Spermiogenesis in the fruit fly, Drosophila. (A) Late stages in Drosophila spermiogenesis visualised indirectly using an anti-core histone antibody (upper panels) or directly by nascent fluorescence of a protamine-green fluorescing fusion protein (lower panels). The four left-hand panels show young elongating and early canoe stage nuclei. The corresponding right-hand panels show late canoe stage and individualising (separating) nuclei. In these pictures, histones are apparently lost from the later stages of spermatogenesis and replaced by protamines. From Rathke et al. (2007), with permission. Scale bar 5 μm. (B) Isolated Drosophila sperm from transgenic flies harbouring an H2Av-red fluorescing fusion protein. These post-individualised sperm retain histones as indicated by the bright nuclear foci (arrows), suggesting that the complete absence of histones in the later stages of spermatogenesis shown in panel A reflects the inability of antibodies to gain access to the highly condensed chromatin. Pictures with kind permission of Dr Helen White-Cooper, University of Cardiff.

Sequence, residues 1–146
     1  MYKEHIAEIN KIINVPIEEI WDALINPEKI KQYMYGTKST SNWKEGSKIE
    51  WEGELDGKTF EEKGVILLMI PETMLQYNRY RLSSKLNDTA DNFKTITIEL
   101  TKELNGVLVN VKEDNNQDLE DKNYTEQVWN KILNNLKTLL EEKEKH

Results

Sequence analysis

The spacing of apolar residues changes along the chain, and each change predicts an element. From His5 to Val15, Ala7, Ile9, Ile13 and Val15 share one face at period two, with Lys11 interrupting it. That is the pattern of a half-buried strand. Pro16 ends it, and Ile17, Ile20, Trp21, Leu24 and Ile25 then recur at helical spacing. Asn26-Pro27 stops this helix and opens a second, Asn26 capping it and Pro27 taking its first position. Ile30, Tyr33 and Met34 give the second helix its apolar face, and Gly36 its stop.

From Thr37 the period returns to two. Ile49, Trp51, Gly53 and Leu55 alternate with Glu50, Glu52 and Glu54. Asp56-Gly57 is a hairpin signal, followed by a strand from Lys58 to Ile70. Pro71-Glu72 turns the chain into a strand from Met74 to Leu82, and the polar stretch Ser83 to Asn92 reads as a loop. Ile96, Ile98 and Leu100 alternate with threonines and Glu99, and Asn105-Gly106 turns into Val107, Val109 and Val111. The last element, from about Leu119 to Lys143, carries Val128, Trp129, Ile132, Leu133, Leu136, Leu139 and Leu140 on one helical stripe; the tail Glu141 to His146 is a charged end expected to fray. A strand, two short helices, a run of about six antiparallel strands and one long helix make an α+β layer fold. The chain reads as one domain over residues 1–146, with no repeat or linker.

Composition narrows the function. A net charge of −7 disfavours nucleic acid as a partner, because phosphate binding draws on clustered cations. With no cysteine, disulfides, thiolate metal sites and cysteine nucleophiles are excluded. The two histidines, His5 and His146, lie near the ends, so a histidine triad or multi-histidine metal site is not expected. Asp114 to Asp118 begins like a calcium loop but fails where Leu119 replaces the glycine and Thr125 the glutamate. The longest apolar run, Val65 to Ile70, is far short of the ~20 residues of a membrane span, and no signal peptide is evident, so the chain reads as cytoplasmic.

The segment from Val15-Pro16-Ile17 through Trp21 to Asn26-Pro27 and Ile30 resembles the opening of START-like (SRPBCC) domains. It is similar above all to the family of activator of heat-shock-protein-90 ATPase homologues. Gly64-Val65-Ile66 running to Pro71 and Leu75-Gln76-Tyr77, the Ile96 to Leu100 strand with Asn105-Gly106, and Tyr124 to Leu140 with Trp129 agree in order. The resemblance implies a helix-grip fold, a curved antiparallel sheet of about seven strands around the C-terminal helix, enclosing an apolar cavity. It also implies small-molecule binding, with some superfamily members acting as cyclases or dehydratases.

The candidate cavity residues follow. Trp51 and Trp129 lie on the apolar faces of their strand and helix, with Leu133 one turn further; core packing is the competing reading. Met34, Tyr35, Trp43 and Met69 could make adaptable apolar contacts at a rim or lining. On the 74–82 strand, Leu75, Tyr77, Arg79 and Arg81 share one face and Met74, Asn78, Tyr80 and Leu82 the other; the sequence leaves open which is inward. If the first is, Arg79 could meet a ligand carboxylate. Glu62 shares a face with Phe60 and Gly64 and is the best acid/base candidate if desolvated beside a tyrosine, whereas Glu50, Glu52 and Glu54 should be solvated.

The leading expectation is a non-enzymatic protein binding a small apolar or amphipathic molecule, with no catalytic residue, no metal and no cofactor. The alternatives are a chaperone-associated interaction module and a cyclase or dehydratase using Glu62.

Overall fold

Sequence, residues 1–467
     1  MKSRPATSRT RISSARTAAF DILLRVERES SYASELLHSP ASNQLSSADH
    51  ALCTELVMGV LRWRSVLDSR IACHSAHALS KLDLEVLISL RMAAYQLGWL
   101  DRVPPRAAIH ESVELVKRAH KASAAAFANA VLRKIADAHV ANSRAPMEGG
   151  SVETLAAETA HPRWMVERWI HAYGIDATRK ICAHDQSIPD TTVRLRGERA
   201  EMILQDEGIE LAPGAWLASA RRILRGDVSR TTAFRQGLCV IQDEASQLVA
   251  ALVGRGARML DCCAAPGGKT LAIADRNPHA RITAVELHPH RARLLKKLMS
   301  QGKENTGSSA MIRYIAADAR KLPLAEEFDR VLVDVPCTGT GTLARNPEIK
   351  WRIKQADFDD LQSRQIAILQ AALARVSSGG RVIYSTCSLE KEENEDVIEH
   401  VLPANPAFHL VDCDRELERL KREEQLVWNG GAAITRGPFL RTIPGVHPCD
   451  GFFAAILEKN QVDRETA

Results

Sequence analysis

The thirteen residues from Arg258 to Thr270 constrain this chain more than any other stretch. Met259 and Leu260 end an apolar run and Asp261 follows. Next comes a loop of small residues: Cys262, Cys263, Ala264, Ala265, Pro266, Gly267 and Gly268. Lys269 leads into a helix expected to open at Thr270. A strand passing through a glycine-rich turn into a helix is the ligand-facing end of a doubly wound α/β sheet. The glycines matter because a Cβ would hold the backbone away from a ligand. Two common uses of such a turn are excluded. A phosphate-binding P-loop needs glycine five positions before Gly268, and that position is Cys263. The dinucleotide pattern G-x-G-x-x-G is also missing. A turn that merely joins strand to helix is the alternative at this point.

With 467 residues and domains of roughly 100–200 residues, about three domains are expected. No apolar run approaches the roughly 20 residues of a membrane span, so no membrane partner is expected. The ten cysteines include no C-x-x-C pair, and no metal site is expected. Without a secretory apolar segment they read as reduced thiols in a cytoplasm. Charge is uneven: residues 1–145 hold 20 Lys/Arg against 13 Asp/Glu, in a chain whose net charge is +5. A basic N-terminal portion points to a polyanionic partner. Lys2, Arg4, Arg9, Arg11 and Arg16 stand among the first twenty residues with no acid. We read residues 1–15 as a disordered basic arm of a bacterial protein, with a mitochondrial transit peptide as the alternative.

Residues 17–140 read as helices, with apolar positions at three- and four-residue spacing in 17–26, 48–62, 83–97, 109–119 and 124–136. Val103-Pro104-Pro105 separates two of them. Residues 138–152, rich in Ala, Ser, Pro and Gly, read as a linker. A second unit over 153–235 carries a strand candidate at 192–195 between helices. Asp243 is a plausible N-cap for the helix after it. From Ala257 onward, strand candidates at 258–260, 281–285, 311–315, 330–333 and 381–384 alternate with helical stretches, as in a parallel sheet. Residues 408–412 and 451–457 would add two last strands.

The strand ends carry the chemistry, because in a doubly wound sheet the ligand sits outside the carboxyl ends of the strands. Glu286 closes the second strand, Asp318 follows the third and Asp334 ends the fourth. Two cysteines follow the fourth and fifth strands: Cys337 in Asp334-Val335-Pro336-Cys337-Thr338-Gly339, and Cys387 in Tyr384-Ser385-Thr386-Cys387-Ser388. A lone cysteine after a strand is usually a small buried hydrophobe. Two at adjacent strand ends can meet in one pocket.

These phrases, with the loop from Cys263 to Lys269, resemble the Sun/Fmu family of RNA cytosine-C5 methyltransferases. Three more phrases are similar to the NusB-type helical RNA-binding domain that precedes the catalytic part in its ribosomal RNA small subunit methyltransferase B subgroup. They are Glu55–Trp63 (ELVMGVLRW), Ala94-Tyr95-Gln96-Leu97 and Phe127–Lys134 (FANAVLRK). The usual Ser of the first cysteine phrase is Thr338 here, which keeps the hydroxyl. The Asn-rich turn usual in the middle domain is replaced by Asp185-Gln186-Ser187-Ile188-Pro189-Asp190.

Citation: REPRODUCTION 139, 2; 10.1530/REP-09-0281

In conclusion, nucleosomes are certainly not completely removed from mature ejaculate spermatozoa, although estimates for their contribution to sperm chromatin range from 1% in the mouse (Balhorn et al. 1977), to 15% in the human (Gatewood et al. 1990) and over 50% in some marsupial species (Soon et al. 1997). At first sight, such widely varying contributions suggest that histone retention, if it has some important function, cannot be related to a strictly enforced stoichiometry between nucleoprotamine and nucleosomes in sperm nuclei. And yet, the very existence of species-dependent stoichiometric differences strongly suggests some function. What could that function be?

Paternal codes in sperm chromatin

Gene imprinting and methylation